There are about a billion ways to make a wreath. It’s just a circle, after all, so it really depends on your own imagination. A few years ago, a lady at my church showed us a method for wreath-making that I’d like to share with you today.
Here are the supplies you will want to have:
- A metal hanger
- Masking tape
- Pruning shears or tough scissors (for cutting the branches)
- Floral wire
Also, you should have some branches that you’ve cut. If you can’t work on the wreath the day you cut the branches, keep them outside (or in a cool place) in a bucket of water.
Here’s what you do:
1. Stretch out your hanger by pulling the bottom down.
2. Use your pliers to straighten out the bends and keep pulling and pushing on the wire until you have it more or less circular.
3. Tear your newspaper until the double pages are single (leave the single ones as they are) and fold them lengthwise two times to make long strips.
4. Wrap the folded strips of newspaper around the hanger, starting at the top and going around.
5. Use masking tape to secure the newspaper to the top of the hanger. It’s hard to see, but I was originally using off-white masking tape. I used that to secure the newspaper to the top of the hanger. I had to switch to blue because the off-white wasn’t peeling off the roll easily. It seems like a happy accident since the blue is so much easier to see.
6. Keep wrapping until you’ve gone all the way around. End by taping the last of the newspaper to the top of the circle.
7. Take a bunch of short branches and wrap floral wire around them to secure them. If your branches are too long, use your pruning shears or some tough scissors to trim them to the size you want. You don’t need to knot the wire in any way, just wrap right over the end.
8. Without cutting the wire, lay your group of branches on part of the wreath form you’ve made and continue to wrap the wire around the form and the branches a few times. I brought the wire from the inside of the wreath out, but however you find it most comfortable is what you should do.
9. Continue to make small bundles of branches and lay each new bunch over the ends of the last bunch. Hold the new bunch in place and wrap wire around it and the form. (You won’t be wrapping wire around each bunch before putting it on the form at this point–that was only for the first bunch.) Make sure not to cut the wire, just lay each new little bundle down and wrap.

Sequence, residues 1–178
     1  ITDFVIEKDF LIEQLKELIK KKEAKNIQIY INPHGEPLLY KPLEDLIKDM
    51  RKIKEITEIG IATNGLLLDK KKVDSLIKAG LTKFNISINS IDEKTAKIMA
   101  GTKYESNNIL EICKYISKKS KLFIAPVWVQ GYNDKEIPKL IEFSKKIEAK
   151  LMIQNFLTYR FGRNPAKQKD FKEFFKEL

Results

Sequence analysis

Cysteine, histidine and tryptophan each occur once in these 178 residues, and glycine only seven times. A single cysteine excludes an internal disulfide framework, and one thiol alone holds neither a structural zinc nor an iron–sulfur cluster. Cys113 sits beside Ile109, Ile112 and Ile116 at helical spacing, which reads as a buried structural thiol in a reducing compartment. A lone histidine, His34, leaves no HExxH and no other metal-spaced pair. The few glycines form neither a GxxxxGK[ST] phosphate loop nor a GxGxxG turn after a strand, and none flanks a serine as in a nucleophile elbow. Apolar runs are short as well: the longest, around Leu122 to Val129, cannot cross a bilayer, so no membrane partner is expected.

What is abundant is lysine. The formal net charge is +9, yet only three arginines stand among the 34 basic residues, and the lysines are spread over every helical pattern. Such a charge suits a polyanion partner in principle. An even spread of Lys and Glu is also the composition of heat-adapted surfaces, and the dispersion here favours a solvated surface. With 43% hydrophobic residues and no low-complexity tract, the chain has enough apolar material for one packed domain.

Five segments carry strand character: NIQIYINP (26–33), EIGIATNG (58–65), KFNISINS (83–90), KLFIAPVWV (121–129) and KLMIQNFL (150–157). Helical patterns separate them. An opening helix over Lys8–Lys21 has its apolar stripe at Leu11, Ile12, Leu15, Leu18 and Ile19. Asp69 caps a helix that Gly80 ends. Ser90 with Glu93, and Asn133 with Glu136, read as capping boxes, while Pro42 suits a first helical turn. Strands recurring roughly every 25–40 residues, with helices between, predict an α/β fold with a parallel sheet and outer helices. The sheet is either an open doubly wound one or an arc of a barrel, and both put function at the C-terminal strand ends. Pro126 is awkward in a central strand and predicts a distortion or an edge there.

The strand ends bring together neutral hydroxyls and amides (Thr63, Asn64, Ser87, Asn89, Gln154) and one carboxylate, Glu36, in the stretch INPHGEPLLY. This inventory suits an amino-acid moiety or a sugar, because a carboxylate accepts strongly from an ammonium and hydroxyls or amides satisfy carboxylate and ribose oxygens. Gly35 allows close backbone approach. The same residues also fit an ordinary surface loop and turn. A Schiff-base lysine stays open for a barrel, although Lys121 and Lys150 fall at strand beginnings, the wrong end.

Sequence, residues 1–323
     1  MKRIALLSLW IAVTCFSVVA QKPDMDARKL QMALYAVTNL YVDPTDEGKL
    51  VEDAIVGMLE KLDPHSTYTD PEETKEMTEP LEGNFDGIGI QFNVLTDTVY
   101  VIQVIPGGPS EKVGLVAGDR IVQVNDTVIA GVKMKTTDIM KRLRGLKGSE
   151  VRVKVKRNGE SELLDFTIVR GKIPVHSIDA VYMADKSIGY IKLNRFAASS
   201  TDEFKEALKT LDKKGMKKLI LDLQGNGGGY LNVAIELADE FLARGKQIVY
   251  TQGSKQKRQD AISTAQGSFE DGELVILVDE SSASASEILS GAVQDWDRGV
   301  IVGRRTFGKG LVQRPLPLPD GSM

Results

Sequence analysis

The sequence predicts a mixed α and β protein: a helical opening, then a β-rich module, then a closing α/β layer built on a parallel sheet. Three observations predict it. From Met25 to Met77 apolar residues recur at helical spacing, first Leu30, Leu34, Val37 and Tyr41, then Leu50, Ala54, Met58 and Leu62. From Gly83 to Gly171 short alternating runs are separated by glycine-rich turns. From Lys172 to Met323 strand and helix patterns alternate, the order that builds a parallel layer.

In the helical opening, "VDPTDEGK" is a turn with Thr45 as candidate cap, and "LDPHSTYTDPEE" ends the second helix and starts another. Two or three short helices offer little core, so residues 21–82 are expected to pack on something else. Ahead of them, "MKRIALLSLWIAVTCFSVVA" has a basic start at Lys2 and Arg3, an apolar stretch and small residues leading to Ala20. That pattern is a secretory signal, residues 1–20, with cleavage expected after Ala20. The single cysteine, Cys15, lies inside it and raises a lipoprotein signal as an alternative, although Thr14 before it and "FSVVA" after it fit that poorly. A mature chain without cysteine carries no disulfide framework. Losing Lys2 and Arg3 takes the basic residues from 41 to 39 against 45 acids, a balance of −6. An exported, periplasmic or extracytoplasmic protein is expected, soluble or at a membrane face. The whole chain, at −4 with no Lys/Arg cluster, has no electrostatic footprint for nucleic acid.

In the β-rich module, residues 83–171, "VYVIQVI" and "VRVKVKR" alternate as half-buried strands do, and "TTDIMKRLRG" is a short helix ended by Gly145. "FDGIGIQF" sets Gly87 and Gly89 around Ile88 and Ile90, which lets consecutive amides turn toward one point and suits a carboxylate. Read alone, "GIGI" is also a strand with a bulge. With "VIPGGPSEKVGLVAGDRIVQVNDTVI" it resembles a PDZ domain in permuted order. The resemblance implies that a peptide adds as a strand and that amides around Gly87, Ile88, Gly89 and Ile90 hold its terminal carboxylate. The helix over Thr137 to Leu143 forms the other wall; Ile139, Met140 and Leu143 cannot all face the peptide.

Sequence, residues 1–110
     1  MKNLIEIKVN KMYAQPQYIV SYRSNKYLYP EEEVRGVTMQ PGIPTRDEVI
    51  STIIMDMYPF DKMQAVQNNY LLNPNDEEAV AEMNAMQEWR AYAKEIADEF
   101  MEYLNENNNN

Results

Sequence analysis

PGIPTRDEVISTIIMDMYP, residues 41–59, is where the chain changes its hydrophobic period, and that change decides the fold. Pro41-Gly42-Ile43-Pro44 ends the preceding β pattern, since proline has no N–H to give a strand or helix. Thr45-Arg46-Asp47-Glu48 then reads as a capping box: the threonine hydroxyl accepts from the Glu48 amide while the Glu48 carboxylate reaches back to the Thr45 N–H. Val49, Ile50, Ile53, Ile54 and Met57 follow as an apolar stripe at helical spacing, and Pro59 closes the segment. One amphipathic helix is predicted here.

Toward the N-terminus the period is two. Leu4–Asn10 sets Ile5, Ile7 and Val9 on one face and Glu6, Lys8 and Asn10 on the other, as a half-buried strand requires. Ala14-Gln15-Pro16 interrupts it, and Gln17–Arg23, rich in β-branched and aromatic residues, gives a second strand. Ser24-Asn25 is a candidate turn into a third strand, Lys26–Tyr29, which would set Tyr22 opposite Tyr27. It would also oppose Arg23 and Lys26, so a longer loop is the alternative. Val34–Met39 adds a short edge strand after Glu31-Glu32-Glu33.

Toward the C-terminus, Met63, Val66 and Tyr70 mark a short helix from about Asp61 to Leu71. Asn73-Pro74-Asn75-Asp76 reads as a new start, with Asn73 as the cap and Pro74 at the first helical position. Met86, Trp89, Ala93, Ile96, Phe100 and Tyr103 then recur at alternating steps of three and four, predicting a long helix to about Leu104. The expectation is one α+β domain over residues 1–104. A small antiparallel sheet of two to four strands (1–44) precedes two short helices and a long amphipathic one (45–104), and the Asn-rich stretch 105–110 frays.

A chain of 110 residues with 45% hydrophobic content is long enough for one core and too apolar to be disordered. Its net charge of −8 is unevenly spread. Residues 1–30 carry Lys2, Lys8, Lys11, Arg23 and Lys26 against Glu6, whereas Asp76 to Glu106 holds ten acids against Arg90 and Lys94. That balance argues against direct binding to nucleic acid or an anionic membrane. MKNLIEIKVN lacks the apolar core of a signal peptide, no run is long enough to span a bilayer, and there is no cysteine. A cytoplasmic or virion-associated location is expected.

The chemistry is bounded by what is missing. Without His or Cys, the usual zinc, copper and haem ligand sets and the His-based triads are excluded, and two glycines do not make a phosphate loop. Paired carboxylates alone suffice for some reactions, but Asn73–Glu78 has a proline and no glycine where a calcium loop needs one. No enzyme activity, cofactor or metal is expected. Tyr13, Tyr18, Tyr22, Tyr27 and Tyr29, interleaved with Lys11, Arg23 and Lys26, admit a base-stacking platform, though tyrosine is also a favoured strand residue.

10. Keep going until you are nearly back to your starting point.
11. Carefully cover up the place where you started. This takes a little bit of trial and error. I laid a bunch of branches over my starting point, but had to lift some of the pine needles up and wrap the wire under them so it would remain hidden. You can also wrap wire around and, as long as it’s not too tight, you can pull pine needles out of the wrapping to cover your wire. Cut the wire, leaving a little bit extra (maybe an inch or two). When I had finished, I tucked the extra wire under some other wire and twisted it around until it seemed secure.
12. Now you have a basic wreath. Time to add a little bit of interest.
13. Take a few berries or some pinecones or whatever you like the look of. Make a little bunch, wire them together like you did in Step 7 and, without cutting the wire, wrap it around the wreath while holding the bunch in place. Try placing it slightly under some of the pine needles so the wire doesn’t show. Secure the wire by wrapping it around itself like you did when you finished the wreath (just make it up until it feels secure). Use the hook from your hanger to hang it up.
Good job! You did it!
If you hang this wreath outside in the cold, it should stay nice and green for a long time. If it’s dry in your area, mist your wreath with water every day or two.